Several major issues were raised that were broader than the discussions of specific data elements. Virtually all saw the need for uniform data items and definitions, and the issue of a unique identifier was a frequent topic. This issue represents more than just what item or set of items the identifier will include; it opens up the whole issue of data linkage, privacy, and data confidentiality with its relevant benefits and risks. Another issue was the role of the National Committee itself as the source of information on common data elements. Most participants eagerly supported an independent committee, such as this, to gather input and advise the public health and health care communities. However, the activities envisioned by many participants go much farther than an advisory committee can handle. These discussions led to the issue of needing DHHS staff dedicated to participating in the meetings of numerous data standards committees, advising the Department, and producing further iterations of data elements as future agreement is reached. Currently, such a staff does not exist.
Some states and organizations are on the cutting edge of multiple use of standardized data. For example, the State of California, in testimony to the NCVHS, described its efforts in improving health and health care delivery by linking data collected through medical facilities, school-based health and educational data bases, as well as need-based data bases such as eligibility listings for the Special Supplemental Nutrition Program for Women, Infants and Children (WIC) or reduced school-lunch programs. This project has brought together efforts from several state agencies, including education (for the school data), agriculture (the source of WIC data in some states), as well as health departments. Consensus building on data elements and definitions was, as always, a complex issue.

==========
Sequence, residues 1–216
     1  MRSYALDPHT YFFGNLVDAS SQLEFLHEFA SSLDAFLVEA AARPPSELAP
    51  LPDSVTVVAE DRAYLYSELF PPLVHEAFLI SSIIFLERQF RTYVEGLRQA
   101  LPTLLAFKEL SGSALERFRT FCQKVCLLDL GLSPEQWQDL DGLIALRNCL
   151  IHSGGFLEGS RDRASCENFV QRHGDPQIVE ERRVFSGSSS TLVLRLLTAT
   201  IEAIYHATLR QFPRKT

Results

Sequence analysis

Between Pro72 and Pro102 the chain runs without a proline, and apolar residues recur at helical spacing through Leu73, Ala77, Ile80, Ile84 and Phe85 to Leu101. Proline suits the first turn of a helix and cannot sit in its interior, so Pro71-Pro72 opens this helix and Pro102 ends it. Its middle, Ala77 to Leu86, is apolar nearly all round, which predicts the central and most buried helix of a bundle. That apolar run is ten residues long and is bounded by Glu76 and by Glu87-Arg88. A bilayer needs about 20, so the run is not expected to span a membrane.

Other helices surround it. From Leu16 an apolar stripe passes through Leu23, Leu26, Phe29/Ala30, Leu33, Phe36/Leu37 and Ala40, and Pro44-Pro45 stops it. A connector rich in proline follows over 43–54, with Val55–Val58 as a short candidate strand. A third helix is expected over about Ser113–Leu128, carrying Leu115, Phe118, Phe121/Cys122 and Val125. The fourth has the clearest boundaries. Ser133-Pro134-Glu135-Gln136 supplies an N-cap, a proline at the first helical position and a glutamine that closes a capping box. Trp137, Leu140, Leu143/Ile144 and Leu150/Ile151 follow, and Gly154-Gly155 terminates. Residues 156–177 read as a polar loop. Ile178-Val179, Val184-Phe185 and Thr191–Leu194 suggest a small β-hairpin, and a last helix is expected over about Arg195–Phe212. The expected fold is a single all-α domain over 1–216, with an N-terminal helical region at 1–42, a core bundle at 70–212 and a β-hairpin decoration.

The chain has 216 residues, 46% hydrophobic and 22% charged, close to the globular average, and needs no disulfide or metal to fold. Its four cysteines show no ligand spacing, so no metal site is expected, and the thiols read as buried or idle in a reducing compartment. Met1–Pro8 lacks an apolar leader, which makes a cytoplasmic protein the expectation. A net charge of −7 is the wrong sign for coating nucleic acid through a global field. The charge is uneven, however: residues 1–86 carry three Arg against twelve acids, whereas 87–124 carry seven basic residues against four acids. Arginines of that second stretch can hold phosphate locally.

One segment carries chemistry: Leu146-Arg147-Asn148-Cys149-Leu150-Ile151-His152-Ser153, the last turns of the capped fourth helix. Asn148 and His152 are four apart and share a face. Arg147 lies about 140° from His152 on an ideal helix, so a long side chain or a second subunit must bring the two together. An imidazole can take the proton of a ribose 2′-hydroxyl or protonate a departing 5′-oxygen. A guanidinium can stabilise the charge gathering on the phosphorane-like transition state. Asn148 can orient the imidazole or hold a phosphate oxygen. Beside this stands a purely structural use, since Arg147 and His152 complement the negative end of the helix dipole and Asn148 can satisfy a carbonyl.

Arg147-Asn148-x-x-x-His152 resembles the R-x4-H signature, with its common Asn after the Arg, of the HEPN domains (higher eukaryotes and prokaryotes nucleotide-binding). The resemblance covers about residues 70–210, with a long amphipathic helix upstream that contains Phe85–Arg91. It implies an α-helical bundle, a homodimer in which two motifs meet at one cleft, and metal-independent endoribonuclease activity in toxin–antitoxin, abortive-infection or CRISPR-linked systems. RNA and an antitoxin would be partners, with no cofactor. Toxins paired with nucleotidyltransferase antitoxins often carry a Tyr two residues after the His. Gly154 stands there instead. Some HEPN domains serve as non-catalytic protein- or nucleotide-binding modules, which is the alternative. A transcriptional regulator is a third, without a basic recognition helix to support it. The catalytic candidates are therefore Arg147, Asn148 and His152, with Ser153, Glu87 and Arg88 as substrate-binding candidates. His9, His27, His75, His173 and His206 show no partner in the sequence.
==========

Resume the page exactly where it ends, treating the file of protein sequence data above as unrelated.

Data quality is a perennial issue. Although the UHDDS has been in the field for two decades and its data items are widely used by government and private organizations, issues of quality and comparability remain. A presentation by AHCPR reported on a study of 10 state data organizations and two statewide hospital associations participating in the Healthcare Cost and Utilization Project (HCUP-3). (Currently approximately 40 states collect health data on inpatient hospital stays.) AHCPR compared the 12 systems with the UB-92 and monitored deviations at 3 levels - easy, moderately difficult, and difficult to correct problems.
A detailed report of these findings is in the process of publication by AHCPR, but findings have shown that even well-recognized standards are not consistently followed. Any new data items, as well as the old, must be produced with clear instruction on data collection and coding.